Erika: Oh man, I'm getting that one fully. Yeah. That is how you create a new world. Yeah, and like, that is, the harder road to be on and like there's like all these bands and that is that's kinda like the yellow brick road that we need to be trying to make our way to maybe you in a different role right now and that's okay. But remember, you got to find that yellow path through the other ones. Otherwise, what we know from like systems theory is the system will just keep replicating itself. And over again.

Fatima: To talk about to the piece power and people. Right, very often when we think about metrics or we think about systems, we think about them separately. Right. And to bug them your points. You know, people make up systems and it's scary. It's so scary to know that it's our responsibility. And if we were to be as revolutionary as we think we could be or wanting to be. Yeah. None of us, we would not none of us would be working we would be thinking about a different world that we haven't experienced yet maybe we've experienced snippets of it right and we're like, imagine if every day could be like this. Right. How do we, how do we actually embody that in the real world.

Erika: Which is, I think, a really good question for listeners to sit with is like what is the world and the workplace that you want to create I mean, that, that, that just has so much hope and so much possibility and creatively overwhelming for anyone who's an artist, like when I look at that blank white canvas. I'm like, I don't know what's going to emerge. How is this going to turn into something beautiful for, for those of you who don't know me, which probably let me down because you're you don't know me from a can of paint, but that said that I love to paint and people. So how do you come up with those ideas and like it really is emergent you know it's it's allowing ourselves to sink into what is arising and seeing it as the highest like what is the highest potential and the highest outcome for all maybe we don't lose all our jobs, like maybe something even better comes through and that's that's the place that we gotta, we gotta sit with that would be a fun workshop to create just by you. It gets a little futuristic but like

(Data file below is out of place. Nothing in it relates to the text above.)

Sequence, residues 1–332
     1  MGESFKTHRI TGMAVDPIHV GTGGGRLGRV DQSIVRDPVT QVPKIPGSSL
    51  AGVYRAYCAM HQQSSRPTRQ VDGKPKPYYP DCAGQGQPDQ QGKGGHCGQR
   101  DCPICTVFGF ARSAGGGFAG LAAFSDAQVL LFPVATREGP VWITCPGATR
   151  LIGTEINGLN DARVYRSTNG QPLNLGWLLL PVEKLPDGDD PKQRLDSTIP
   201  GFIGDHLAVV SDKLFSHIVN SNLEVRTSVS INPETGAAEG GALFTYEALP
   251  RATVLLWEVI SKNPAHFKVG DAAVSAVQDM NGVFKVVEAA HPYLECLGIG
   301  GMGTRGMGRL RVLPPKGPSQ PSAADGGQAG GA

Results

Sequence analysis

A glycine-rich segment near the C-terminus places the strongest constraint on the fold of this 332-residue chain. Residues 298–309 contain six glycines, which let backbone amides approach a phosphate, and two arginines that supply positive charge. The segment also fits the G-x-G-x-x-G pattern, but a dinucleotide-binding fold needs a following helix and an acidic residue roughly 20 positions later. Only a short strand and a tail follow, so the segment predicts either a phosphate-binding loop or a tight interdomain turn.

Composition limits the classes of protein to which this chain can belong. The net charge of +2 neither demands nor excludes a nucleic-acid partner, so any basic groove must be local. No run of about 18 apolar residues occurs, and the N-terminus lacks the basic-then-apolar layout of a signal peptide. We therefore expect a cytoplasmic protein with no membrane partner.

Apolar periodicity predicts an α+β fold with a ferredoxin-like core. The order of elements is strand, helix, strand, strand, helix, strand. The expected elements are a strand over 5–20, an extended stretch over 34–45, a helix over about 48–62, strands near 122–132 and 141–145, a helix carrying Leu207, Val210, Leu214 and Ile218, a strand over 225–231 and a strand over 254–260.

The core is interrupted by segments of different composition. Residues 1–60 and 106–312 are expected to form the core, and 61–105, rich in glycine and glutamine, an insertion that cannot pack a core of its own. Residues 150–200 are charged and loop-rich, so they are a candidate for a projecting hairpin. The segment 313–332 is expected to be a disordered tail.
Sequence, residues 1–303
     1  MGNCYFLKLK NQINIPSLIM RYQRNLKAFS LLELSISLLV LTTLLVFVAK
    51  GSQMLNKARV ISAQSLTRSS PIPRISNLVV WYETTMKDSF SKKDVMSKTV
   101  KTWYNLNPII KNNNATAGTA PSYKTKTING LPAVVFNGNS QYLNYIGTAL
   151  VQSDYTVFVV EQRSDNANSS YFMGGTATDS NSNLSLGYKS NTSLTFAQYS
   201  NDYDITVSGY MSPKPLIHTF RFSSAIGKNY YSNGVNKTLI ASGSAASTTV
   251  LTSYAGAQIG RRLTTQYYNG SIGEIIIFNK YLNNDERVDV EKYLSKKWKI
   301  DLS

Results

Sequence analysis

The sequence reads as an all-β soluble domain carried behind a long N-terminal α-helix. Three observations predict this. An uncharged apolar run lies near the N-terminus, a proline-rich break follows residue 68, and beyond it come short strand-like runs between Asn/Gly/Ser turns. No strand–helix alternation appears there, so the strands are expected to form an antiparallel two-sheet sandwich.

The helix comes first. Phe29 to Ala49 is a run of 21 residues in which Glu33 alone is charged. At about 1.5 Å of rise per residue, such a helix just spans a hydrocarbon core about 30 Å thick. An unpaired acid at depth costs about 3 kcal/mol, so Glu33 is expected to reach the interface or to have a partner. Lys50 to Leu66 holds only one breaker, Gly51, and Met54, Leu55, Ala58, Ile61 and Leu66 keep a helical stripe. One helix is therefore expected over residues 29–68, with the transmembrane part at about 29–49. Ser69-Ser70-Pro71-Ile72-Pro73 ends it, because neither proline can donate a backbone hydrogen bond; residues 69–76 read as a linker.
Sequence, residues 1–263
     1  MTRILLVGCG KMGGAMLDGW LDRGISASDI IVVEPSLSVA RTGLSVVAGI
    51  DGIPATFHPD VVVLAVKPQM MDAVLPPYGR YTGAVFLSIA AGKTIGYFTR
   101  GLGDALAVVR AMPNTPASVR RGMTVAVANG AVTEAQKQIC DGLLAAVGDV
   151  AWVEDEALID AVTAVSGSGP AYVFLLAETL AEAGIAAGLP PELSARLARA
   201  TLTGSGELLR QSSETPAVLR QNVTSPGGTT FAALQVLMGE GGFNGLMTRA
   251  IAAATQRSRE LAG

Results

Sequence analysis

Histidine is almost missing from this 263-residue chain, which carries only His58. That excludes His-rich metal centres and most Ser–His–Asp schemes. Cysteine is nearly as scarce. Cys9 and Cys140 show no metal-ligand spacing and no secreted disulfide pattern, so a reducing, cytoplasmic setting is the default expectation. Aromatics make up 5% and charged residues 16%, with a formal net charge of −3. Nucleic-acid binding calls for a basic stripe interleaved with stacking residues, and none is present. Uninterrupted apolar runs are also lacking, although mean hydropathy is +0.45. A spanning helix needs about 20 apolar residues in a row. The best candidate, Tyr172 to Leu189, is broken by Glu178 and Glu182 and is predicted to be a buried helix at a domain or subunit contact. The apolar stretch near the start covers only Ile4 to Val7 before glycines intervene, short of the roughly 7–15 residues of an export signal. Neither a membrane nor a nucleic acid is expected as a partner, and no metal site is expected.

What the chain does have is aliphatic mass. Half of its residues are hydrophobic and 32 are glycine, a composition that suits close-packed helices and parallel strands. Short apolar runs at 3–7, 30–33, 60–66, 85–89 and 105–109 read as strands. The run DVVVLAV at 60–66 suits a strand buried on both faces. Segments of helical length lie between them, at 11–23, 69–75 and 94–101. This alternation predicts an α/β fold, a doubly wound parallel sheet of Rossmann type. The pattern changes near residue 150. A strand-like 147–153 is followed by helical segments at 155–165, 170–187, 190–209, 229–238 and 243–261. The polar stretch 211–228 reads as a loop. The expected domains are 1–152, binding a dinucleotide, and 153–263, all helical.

Felicia: That's what we're working towards

Erika: Yeah.

Felicia: And I think that's such a great sort of way to kind of CAP up our discussion is to leave. Listeners with that question like what is, what is the goal. What is the world that you want to live and work in and work towards. And what does that look like and what does that feel like? I feel like we went around the block. I ran that okay and

Fatima: So good. You know, as we're slowly saying our goodbyes. When you were talking, Erika, I automatically thought about Adrian Murray Brown's book. Merging strategies. If you haven't read that book if you already read it, read it again because this is one of those books where it's like you have to sort of have the emotional and spiritual connection to this work in order for it to feel worthwhile and in order for you to feel like you could keep on going and people like that or bell hooks are just amazing. You have given us words. Grab one of them during break if you have a break or if you're celebrating holidays and let that feed you into the new year, because I know I'll be doing that.

Felicia: Thank you both so much  for being in community and conversation and wish you all a restful close your 2020.